The great Sydney chocolate tour

The great Sydney chocolate tour

A self-confessed foodie takes us on a tasting trip to the city's most exquisite chocolate makers
This Sydney chocolate tour takes us to three distinct chocolatiers.

This is a Sydney chocolate tour without the need for a golden ticket and certainly not limited to five people. Being Augustus Gloop may help.

And it has been crafted by self-confessed foodie Myriam Conrie who, since arriving from Paris five years ago, has made a point of finding the best culinary experiences in Sydney.

Her “haut” Sydney Chocolate Tours have more than a little je ne sais quoi.

Quite simply, Conrie gathers small groups to sample Sydney's finest chocolates. Her clients vary from couples wanting a date with a different take, corporate groups or international visitors who are whisked around in mini-vans and chauffered cars.

"Many of my clients are overseas visitors who just want to discover some of Sydney's exciting precincts in a different way, and explore our city's food culture," she says.
“But I also get many people from Sydney who are surprised to discover all these exciting foodie hotspots they didn't know about, right on their doorstep.”

Coco Chocolate

Coco ChocolateCoco Chocolate's signature box.The first stop on this whirlwind Sydney chocolate tour is Coco Chocolate in Kirribilli, surely one of the sweetest secrets in Sydney.

Chocolatier Rebecca Kerswell started out as a graphic designer -- and her illustrative touches are on everything from blocks of its best-selling caramel, sea salt and pine nut chocolate to beautiful gift boxes.

Some chocolates have hand-painted colored cocoa butter designs.

Tasting starts with a small cup of dark drinking chocolate with rose and black pepper. It’s thick and warming -- not too sweet and the pepper gives it a nice kick.

A sample plate of their all-organic chocolates includes hazelnut and sea salt, and some cocoa-powdery chocolate almonds.

Recommended is one of Coco Chocolate’s signature delights -- liqueur cherries. The cherries (real ones, not glacé) are soaked in kirsch for at least six months, then rolled in sugar fondant before being double-dipped in dark chocolate.

Coco Chocolate, Shop 12, 3a-9b Broughton St. Kirribilli, +61 (0)2 9922 4998,


KakawaDavid Ralph prepares his single origin chocolates.Coffee connoisseurs have been banging on about single origin for some time now. Well, at Kakawa in Darlinghurst, it’s all about single origin chocolate.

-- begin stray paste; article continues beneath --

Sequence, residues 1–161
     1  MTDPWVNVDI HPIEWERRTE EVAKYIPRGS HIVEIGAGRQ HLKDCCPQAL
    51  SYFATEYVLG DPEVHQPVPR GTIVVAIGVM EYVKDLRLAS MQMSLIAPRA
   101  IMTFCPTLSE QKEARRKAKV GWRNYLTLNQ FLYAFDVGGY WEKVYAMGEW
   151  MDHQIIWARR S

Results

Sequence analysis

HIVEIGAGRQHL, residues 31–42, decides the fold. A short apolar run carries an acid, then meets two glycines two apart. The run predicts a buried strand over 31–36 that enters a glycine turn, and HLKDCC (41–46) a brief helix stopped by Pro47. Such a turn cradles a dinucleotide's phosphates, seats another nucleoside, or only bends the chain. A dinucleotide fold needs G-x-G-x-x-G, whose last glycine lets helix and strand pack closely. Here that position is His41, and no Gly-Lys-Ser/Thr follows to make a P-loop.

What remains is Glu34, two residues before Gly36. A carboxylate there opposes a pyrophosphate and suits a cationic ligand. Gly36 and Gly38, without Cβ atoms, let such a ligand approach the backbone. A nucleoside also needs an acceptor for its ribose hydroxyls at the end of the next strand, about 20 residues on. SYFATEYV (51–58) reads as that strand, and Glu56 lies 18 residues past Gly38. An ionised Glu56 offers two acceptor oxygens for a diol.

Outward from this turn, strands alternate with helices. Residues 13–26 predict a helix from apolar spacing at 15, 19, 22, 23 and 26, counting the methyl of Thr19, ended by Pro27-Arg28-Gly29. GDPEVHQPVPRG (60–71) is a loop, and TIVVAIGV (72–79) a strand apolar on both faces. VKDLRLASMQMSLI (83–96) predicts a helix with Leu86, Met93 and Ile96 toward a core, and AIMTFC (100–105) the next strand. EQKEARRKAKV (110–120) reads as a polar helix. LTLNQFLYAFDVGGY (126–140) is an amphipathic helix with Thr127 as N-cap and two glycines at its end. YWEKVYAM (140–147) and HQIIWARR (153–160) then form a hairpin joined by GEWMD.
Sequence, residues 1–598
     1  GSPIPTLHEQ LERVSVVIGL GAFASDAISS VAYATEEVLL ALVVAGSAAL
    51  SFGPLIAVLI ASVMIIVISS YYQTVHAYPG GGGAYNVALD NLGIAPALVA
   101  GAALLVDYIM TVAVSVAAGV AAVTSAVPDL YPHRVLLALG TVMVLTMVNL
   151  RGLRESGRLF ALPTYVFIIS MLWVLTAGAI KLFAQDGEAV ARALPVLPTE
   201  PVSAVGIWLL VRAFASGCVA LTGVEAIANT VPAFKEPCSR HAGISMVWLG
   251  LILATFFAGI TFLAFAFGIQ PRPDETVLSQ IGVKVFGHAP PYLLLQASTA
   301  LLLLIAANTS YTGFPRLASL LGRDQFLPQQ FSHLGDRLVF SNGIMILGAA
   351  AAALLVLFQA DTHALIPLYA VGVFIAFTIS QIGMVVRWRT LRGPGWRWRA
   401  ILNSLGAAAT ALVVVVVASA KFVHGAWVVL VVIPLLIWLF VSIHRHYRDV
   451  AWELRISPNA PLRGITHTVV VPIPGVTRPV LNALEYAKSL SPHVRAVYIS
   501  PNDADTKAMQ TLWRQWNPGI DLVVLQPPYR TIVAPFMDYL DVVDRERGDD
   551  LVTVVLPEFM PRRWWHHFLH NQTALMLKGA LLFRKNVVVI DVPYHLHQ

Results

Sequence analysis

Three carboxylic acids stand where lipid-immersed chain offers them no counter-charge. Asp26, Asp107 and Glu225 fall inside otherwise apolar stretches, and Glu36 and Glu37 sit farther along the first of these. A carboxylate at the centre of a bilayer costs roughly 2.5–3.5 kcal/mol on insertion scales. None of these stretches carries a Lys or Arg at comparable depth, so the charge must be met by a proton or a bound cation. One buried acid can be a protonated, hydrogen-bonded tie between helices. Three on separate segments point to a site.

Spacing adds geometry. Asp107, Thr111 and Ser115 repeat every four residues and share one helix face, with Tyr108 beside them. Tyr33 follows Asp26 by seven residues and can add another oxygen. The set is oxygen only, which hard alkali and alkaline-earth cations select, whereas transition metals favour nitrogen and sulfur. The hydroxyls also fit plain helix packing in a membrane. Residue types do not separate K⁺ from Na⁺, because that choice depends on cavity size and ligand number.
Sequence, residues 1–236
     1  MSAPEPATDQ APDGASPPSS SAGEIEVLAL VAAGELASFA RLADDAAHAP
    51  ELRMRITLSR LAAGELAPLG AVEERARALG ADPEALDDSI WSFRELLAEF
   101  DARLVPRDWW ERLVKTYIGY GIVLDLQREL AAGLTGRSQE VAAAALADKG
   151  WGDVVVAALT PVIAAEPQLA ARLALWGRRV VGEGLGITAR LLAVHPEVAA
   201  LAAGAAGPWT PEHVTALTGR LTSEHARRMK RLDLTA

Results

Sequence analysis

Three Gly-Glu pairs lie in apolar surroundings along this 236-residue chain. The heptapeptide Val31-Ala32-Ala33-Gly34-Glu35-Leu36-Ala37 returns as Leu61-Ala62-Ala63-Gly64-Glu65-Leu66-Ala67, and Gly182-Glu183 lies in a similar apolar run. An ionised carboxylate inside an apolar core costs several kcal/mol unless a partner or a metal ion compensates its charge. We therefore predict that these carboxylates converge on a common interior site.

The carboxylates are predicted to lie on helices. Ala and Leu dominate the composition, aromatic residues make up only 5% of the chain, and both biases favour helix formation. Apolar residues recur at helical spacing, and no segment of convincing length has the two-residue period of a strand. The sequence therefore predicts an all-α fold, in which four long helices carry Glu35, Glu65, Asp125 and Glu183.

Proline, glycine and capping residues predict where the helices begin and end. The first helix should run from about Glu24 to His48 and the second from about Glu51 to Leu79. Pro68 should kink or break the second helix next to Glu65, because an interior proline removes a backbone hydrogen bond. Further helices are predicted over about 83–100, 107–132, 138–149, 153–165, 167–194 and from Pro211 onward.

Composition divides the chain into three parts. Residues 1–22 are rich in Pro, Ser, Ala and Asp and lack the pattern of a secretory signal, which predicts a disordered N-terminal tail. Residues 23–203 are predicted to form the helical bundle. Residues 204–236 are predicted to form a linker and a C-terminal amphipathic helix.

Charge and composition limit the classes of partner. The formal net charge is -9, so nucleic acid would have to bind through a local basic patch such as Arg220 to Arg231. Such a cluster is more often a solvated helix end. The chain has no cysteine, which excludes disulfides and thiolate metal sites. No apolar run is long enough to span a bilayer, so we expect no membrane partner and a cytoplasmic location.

Chocolatier David Ralph takes chocolate-hunters through a tasting of some of their prized offerings. First, a smooth and malty milk chocolate made in Belgium, from Indonesian beans.

Next, a dark chocolate from Venezuela via France, which is quite fruity and not at all bitter.

Last but not least tasty, is a lighter dark chocolate from Belgium made with beans from Papua New Guinea -- it tastes of smoked truffles.

Kakawa is one of the only places in Sydney where you can buy single-origin chocolate off the shelf, and they match the different chocolates with other flavors to create truffles, moulded chocolates and pralines.

The top three best sellers at Kakawa are sea-salted caramel truffles, the peanut butter triangle and a strawberry and balsamic vinegar chocolate.

Kakawa, 147 William St. Darlinghurst, +61 (0)2 9331 8818,


Boon ChocolatesAlex Chan, "the intellectual chocolatier."A short walk away on this Sydney chocolate tour, Boon is run by the brother and sister duo of Alex and Fanny Chan, who grew up in the Philippines and moved to Australia in 1990.

Alex is a food scientist and Fanny is the chocolatier.

You can spot their signature chocolate a mile off -- the Mira -- which is a glossy red dome of white chocolate, topped with pepper berries from Tasmania. It looks exquisite and once the sweetness has melted away you’re left with a peppery bite that really lingers.

But the real drawcard here is the upstairs salon, where you can sit and enjoy the Connoisseur Chocolate Set -- a hot chocolate with a matching praline and a glass of chocolate mousse.

Myriam Conrie calls Alex “the intellectual chocolatier," and after reading the descriptions for the sets, you can see why.

The “Caballeros de Manila” is a sweet case in point. According to the menu, it's “Inspired from the famous 19th Century Illustrados, Filipino expats who studied in Europe and integrated the ideas of nationalism in the Philippines.” 

Flavor-wise, the hot chocolate has notes of tobacco, coffee, lapsang souchong tea and paprika. It’s so dark and so thick that if you put a spoon in, it actually stands upright -- momentarily.

It’s almost savoury, and tastes as if it would go very well with duck.

Alex describes the sets as a mini-theatre on a plate -- three acts of flavor.

Which rounds out nicely three epic acts of indulgence on this Sydney chocolate tour.

Boon, 251 Victoria St. Darlinghurst, +61 (0)2 9356 8876,

The tours are $199 per person, which includes transport (chauffeured cars or minivans, depending on numbers), chocolate sampling at each destination, chocolates to take home and a light lunch.

For more on Myriam’s Chocolate Tours, see